RCC Readies Survey

RCC Readies Survey

Some are worried the $41,000 survey will neglect to adequately poll young people and the non-English speaking community.

<bt>Every few years the Reston Community Center conducts a survey to gauge what the community thinks about its services and programs. Now, RCC is again preparing to poll Reston residents, but some are worried it will neglect to adequately survey young people and non-English speakers.

At a meeting Monday night, representatives from the Center for Survey Research at the University of Virginia presented their methodology to the RCC Board of Governors. The poll, which is scheduled to get underway in early September, will use listed telephone numbers of residents.

In 2001, the last time the RCC survey was conducted, the demographic profile of respondents was weighted to match available U.S. Census data. The new survey will similarly weight responses again to ensure all populations are represented in the 1,000 household sample, said Thomas Guterbock, director of the Center for Survey Research.

But the new sample is likely to leave out young people, Guterbock said, because young people tend to primarily use cell phones rather than land lines. Also, young people tend to be more transient and might not be listed in the phone book.

"We can't reach those people," Guterbock said. "The problem is that we don't know how to reach them. It's not that there isn't a concern, we just don't know how to do it."

SIMILARLY, the non-English speaking population will be excluded from the survey's respondents because translating the poll's entire process can be expensive, Guterbock said.

"We're defining the population as English-speaking residents," he said.

Guterbock suggested RCC use focus groups or other polling methods to gauge the many different non-English speaking communities.

Juan Pacheco, of the anti-gang organization Barrios Unidos, told the RCC board on Monday that excluding non-English speaking residents can leave out valuable insight into the greatest needs of the community.

From 2000 to 2002, Barrios Unidos held anti-gang meetings at the RCC-Hunters Woods. By leaving out the non-English speaking population, RCC will not necessarily hear the pleas for such crucial programming, Pacheco said.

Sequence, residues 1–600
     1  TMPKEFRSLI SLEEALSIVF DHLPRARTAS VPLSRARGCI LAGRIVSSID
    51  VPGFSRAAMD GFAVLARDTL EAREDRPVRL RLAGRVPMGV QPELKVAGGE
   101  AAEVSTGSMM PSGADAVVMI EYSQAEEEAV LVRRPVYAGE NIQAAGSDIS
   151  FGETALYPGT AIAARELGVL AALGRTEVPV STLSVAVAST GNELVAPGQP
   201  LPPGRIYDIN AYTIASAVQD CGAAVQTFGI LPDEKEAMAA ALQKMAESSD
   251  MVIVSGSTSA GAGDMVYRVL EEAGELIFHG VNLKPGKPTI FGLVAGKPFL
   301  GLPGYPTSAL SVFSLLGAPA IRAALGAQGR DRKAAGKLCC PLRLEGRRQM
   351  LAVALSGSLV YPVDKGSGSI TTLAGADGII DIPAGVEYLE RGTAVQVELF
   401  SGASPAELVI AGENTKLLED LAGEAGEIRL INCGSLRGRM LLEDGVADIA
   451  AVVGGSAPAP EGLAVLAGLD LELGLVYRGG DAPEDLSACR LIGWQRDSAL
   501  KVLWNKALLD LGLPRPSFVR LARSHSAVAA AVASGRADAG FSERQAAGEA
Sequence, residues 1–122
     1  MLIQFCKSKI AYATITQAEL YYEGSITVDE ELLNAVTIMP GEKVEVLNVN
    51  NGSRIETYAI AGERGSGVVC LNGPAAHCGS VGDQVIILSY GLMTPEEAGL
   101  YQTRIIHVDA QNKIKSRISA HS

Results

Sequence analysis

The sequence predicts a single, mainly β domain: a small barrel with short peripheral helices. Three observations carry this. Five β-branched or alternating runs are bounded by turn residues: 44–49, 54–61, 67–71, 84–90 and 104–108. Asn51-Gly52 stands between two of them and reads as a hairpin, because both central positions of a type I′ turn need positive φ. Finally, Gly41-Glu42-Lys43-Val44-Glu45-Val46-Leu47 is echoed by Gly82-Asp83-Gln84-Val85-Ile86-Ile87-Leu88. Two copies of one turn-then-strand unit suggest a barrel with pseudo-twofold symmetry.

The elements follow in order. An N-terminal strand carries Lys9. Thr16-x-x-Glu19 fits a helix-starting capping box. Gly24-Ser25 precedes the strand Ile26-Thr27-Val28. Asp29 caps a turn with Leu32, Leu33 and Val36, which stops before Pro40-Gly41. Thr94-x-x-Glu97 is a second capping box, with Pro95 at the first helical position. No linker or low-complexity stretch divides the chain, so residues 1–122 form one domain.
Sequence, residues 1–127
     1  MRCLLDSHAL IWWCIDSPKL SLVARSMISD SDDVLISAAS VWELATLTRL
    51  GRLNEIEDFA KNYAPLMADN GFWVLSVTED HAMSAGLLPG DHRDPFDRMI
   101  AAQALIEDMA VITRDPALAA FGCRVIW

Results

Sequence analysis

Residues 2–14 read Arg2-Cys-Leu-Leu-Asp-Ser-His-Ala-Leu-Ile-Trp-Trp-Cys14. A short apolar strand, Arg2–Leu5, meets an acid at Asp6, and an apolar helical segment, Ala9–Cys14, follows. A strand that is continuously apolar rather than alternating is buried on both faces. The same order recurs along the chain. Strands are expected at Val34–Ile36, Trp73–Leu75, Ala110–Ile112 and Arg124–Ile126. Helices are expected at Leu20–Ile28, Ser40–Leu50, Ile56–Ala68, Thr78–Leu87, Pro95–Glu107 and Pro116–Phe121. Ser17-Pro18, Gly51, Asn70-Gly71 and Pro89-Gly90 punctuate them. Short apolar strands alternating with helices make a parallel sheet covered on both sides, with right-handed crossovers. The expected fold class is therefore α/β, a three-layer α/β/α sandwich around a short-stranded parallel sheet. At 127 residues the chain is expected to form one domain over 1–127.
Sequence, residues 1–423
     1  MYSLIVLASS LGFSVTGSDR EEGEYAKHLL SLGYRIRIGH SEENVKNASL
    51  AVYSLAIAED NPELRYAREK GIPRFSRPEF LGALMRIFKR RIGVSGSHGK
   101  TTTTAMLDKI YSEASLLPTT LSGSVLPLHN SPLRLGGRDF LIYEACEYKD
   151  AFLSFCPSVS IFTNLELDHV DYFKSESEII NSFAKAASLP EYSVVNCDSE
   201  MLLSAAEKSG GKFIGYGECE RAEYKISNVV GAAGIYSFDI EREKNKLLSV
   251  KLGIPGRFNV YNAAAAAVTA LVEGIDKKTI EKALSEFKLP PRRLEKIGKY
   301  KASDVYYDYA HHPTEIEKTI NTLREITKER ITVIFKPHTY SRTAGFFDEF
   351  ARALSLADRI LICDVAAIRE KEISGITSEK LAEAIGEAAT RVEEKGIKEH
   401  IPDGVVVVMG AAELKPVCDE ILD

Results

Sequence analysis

"These people should be heard," Pacheco said. "They're part of the community too, but they don't have a voice."

RCC Board Member Carl Levine said that the community has changed in the last few years, perhaps making the 2000 Census data a poor picture of reality. Levine pointed out that the last time the survey was conducted, far fewer residents lived in the Reston Town Center district.

"Reston is a much different place than it was three years ago," he said.

APART FROM the drawbacks of the survey, RCC board members said they are anxious to learn what the community thinks about the center's offerings.

The 2001 survey indicated that almost all respondents (94 percent) had heard of RCC and its programs. Slightly more than half of the respondents said that RCC added to the overall quality of life in Reston and the vast majority said it made the community more attractive to residents and businesses.

The upcoming survey, which will cost $41,270, is intended to better gauge what programs residents value most and what suggestions residents have for better programming.

Also, the new survey will ask the fundamental question of why the overwhelming majority of residents are aware of RCC, but only 28 percent described themselves as regularly using its facilities at Hunters Woods and Lake Anne.

"It should find out: What do you want RCC to do?" said RCC Executive Director Denny Kern. "What are you looking for?"

TO MAXIMIZE comparability, the content of the survey will remain close to previous RCC surveys by focusing on residents' familiarity and usage of the community center.

But some new questions and issues are likely to be added. One question suggested Monday night was to probe why people do or do not vote in RCC's preference poll, which nominates members of the Board of Governors. Turnout for RCC elections is low, with an average of a few hundred people voting each year.

Additionally, the survey might ask if RCC should take a new direction in its strategic plan.

Decisions about what the survey should and should not measure will be made Monday night at 7 p.m. in a special meeting of the RCC Long Range Planning Committee.

Residents selected as part of the sample will receive a letter in the mail in the coming weeks and will be called by researchers in September.